With job site deaths on the rise amidst a city-wide building boom, one contractor is asking federal regulators to adopt a safety policy that it says has prevented 20 potentially fatal accidents since 2011.
Gilbane Building Co., which is working on sites such as Hudson Yards and the expansion of New York-Presbyterian Hospital on the Upper East Side, requires all of its workers to attach to a safety harness whenever they climb more than six feet above the ground, Crain’s reported.
William Gilbane III, head of the company’s New York office, said he’s calling on federal regulators to follow the same standard.
“We are proposing that [OSHA] adopt the six-foot tie-off rule that we have on our sites, and that it become a new standard for working at height in New York,” he said.
Most serious injuries on construction sites are the result of worker falls, and the Occupational Health and Safety administration requires structural steelworkers to tie off only when they climb higher than 25 feet. When any worker climbs scaffold above 10 feet, they’re required to use one attachment that they unhook and then reattach as they climb.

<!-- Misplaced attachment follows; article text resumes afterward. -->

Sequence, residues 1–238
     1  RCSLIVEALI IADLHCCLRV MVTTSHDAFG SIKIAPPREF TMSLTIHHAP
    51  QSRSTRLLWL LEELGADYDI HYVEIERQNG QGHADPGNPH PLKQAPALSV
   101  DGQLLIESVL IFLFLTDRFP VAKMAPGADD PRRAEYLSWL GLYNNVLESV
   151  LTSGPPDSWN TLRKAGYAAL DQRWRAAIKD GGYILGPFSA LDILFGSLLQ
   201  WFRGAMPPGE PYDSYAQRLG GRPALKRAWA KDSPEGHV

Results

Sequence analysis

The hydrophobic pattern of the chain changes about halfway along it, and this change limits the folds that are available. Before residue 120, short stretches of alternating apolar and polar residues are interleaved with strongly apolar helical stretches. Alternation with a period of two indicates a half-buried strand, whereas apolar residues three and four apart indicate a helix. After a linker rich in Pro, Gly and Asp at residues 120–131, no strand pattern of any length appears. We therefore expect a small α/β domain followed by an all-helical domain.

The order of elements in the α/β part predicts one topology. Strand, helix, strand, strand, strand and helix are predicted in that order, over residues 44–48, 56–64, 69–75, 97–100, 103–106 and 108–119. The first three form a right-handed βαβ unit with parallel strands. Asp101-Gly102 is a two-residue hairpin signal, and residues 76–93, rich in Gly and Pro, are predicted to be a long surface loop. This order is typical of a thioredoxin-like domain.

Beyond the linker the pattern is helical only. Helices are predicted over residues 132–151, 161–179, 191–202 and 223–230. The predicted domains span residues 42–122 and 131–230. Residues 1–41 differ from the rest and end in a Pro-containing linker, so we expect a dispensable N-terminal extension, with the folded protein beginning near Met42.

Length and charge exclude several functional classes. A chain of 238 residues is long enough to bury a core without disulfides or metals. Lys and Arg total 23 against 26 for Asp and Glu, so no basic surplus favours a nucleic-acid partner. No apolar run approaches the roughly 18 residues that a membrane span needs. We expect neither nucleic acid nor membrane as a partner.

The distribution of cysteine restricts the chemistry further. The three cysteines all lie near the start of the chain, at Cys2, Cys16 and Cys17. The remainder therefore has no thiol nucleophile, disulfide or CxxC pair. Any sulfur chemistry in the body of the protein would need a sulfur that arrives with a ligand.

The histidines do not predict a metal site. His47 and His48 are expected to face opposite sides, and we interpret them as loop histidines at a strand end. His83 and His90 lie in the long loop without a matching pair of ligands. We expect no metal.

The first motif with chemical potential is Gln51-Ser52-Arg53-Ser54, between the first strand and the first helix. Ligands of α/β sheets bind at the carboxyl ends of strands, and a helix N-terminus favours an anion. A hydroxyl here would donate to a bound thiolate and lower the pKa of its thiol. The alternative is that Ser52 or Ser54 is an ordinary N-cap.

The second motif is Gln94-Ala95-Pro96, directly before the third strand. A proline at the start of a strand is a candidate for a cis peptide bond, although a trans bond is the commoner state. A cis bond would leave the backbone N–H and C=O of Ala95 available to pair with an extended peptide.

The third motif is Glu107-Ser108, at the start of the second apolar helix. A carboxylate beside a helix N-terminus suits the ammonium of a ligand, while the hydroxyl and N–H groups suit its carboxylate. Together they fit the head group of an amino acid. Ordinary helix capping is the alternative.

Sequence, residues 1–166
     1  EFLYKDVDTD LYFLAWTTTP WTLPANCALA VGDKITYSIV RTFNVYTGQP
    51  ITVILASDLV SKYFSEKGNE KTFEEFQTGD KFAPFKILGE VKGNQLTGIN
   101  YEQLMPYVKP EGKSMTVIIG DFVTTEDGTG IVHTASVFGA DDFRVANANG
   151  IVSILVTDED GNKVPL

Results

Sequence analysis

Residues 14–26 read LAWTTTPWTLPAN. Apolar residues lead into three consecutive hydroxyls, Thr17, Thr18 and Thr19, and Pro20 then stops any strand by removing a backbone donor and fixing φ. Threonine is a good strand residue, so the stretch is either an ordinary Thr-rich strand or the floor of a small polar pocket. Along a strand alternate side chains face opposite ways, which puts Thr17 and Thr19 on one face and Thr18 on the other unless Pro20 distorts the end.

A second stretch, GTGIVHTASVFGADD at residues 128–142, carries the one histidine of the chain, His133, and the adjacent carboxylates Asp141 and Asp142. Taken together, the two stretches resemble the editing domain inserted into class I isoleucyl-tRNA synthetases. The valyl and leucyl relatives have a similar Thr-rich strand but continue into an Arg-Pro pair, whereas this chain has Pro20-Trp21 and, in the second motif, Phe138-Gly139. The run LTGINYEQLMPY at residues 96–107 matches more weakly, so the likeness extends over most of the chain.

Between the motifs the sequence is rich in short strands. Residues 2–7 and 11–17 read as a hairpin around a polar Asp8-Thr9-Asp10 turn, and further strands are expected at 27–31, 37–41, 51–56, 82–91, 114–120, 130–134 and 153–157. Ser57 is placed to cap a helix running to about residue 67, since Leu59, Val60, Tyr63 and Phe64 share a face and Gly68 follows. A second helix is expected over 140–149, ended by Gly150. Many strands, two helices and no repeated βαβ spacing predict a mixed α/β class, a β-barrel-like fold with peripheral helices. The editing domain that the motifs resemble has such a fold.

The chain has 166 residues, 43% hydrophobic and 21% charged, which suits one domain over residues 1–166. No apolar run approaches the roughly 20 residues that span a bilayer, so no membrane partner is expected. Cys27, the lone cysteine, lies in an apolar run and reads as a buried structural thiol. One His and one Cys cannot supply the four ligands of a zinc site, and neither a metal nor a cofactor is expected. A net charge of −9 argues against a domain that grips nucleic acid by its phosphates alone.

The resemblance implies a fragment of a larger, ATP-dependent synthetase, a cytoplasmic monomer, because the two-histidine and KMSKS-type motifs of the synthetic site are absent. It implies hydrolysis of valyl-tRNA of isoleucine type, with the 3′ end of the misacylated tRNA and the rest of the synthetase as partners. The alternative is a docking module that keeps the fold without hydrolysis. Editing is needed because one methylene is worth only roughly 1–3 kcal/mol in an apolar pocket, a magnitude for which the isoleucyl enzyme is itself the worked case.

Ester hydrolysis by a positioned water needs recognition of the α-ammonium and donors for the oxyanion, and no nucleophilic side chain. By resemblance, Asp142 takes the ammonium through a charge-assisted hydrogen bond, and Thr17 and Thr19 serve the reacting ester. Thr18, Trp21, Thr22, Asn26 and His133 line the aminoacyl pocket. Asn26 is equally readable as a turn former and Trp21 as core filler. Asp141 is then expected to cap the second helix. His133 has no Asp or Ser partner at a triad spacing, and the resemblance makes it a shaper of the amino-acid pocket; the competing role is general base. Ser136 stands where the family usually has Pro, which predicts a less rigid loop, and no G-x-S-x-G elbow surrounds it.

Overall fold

Gilbane’s workers, on the other hand, are required to tie off above six feet, and use two attachments anytime they climb scaffolds higher than that.
But because of the macho hardhat culture on job sties, workers often ignore such safety rules.
Gilbane made the announcement as construction firms gather for a national campaign to promote job site safety.
Between July 2014 and last summer, 10 people died in construction-related accidents, up from the average of 5.5 over the previous four years.
[Crain’s] — Rich Bockmann